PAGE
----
# Contents

## Definition

### Interval category

The interval category – often denoted $\mathbf{2}$ or $I$ or $\Delta[1]$ – is the category with two objects and precisely one nontrivial morphism connecting them:

$I = \left\{ 0 \to 1 \right\} \,.$

It is also commonly called the interval preorder or the interval poset (since it is indeed a poset).

The interval category serves as a combinatorial model for the directed interval. It is the directed canonical interval object in Cat. It is also called the walking arrow. It might also be called the “arrow category” although that term is also used for a category of functors out of $\mathbf{2}$.

The notation $\mathbf{2}$ comes from the fact that the interval category is also the ordinal number $2$ regarded as a poset, regarded as a category.

It also appears as

Since every category is also an (n,r)-category for $n,r \geq 1$, we may regard $I$ also as some $(n,r)$-category. For instance regarded as a (∞,1)-category and modeled as a quasi-category, the interval category is the simplicial set $\Delta[1]$.

### In (homotopy) type theory

In type theory, the type of objects of the interval category is the booleans type $\mathbb{2}$. The relation on it $\leq_\mathbb{2}$ can be inductively generated by

• a term $p:0 \leq_\mathbb{2} 1$

• a term $\mathrm{refl}_0:0 \leq_\mathbb{2} 0$

• a term $\mathrm{refl}_1:1 \leq_\mathbb{2} 1$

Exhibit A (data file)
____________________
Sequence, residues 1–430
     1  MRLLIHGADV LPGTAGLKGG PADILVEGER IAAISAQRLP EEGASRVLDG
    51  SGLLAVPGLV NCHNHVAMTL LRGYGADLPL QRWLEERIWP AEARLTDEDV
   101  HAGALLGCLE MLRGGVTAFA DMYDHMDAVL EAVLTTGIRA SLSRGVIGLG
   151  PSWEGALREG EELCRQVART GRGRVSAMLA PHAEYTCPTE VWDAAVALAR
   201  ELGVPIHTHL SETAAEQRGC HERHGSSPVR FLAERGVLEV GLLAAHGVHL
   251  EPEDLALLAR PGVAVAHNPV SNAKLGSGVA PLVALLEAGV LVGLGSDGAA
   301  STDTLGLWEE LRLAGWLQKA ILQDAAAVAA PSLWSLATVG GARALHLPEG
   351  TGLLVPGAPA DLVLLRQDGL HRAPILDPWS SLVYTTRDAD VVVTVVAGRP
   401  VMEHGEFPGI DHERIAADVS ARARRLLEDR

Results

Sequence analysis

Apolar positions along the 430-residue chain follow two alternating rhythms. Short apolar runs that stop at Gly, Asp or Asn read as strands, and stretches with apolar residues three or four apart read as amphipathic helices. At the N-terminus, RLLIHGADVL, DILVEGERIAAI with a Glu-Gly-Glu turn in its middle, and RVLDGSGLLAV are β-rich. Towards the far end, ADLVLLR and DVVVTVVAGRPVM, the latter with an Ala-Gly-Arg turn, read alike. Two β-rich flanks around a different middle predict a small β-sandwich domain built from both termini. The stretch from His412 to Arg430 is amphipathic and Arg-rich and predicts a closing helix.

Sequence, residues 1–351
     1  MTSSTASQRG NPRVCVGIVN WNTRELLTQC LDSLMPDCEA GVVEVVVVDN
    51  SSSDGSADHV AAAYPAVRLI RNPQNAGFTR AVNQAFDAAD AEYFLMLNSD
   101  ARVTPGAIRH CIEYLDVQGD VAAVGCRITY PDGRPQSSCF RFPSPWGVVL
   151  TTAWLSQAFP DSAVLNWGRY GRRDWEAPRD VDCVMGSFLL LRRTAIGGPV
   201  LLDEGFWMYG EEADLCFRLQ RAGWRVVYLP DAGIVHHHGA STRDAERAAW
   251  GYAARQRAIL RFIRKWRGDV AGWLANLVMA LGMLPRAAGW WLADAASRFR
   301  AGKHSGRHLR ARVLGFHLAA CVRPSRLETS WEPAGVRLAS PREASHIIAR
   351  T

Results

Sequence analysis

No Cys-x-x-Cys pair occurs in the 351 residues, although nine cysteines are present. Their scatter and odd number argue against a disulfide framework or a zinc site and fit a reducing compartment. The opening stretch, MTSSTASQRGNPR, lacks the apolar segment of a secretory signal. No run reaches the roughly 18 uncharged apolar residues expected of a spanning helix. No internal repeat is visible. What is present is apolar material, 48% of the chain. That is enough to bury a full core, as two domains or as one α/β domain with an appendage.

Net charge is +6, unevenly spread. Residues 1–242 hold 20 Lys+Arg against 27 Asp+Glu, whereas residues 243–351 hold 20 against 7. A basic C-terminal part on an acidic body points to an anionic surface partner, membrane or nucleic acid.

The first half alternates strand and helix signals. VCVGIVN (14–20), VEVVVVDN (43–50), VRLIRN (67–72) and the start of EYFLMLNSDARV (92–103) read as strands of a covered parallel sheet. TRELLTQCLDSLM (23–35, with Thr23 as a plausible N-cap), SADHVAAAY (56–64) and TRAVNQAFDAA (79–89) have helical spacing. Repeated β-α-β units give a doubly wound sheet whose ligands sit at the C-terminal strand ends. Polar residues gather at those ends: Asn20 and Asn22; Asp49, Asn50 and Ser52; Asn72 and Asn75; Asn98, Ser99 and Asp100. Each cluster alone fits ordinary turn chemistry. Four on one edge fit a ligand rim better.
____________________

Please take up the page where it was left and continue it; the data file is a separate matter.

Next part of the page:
It can equivalently be defined recursively on $\mathbb{2}$ by

• $(0 \leq_\mathbb{2} 0) \equiv \top$
• $(0 \leq_\mathbb{2} 1) \equiv \top$
• $(1 \leq_\mathbb{2} 0) \equiv \bot$
• $(1 \leq_\mathbb{2} 1) \equiv \top$

Since the symbol $\mathbb{I}$ is sometimes used for the interval type in homotopy type theory, which is contractible, it may be better to avoid it for the interval category unless the meaning is clear from context.

### Interval groupoid

Inverting the single non-identity arrow of the interval category, we obtain the interval groupoid, which is an (undirected) interval object in Cat and Grpd.

## Applications

The interval category is one of those diagram category that are not terribly interesting in themselves, but that serve an important role in category theory as a whole.

For instance a natural transformation $\eta : F \Rightarrow G$ between two functors $F,G : C \to D$ is precisely the same as a strictly commuting diagram

$\array{ C \times \{0\} \\ \downarrow & \searrow^{\mathrlap{F}} \\ C \times I &\stackrel{\eta}{\to}& D \\ \uparrow & \nearrow_{\mathrlap{G}} \\ C \times \{1\} }$

in Cat, where on the left we have the cartesian product of $C$ with $I$.

Accordingly, for $I_{iso}$ the interval groupoid, a natural isomorphism $\eta : F \Rightarrow G$ is the same as a diagram

$\array{ C \times \{0\} \\ \downarrow & \searrow^{\mathrlap{F}} \\ C \times I_{iso} &\stackrel{\eta}{\to}& D \\ \uparrow & \nearrow_{\mathrlap{G}} \\ C \times \{1\} } \,.$

This is a left homotopy in $Cat$.

Dually, forming the functor category

$Arr(D) := [I,D]$

from the interval category produces the arrow category of $D$, and a natural transformation $\eta$ is also the same as a diagram

$\array{ && D \times \{0\} \\ & {}^{\mathllap{F}}\nearrow & \uparrow \\ C &\stackrel{\eta}{\to}& [I,D] \\ & {}_{\mathllap{G}}\searrow & \downarrow \\ && D \times \{1\} } \,.$

With $I$ replaced by $I_{iso}$ this is again a natural isomorphism, now represented as a right homotopy in Cat.

The analogous statements are true in higher category theory.

Last revised on August 23, 2023 at 02:13:54. See the history of this page for a list of all contributions to it.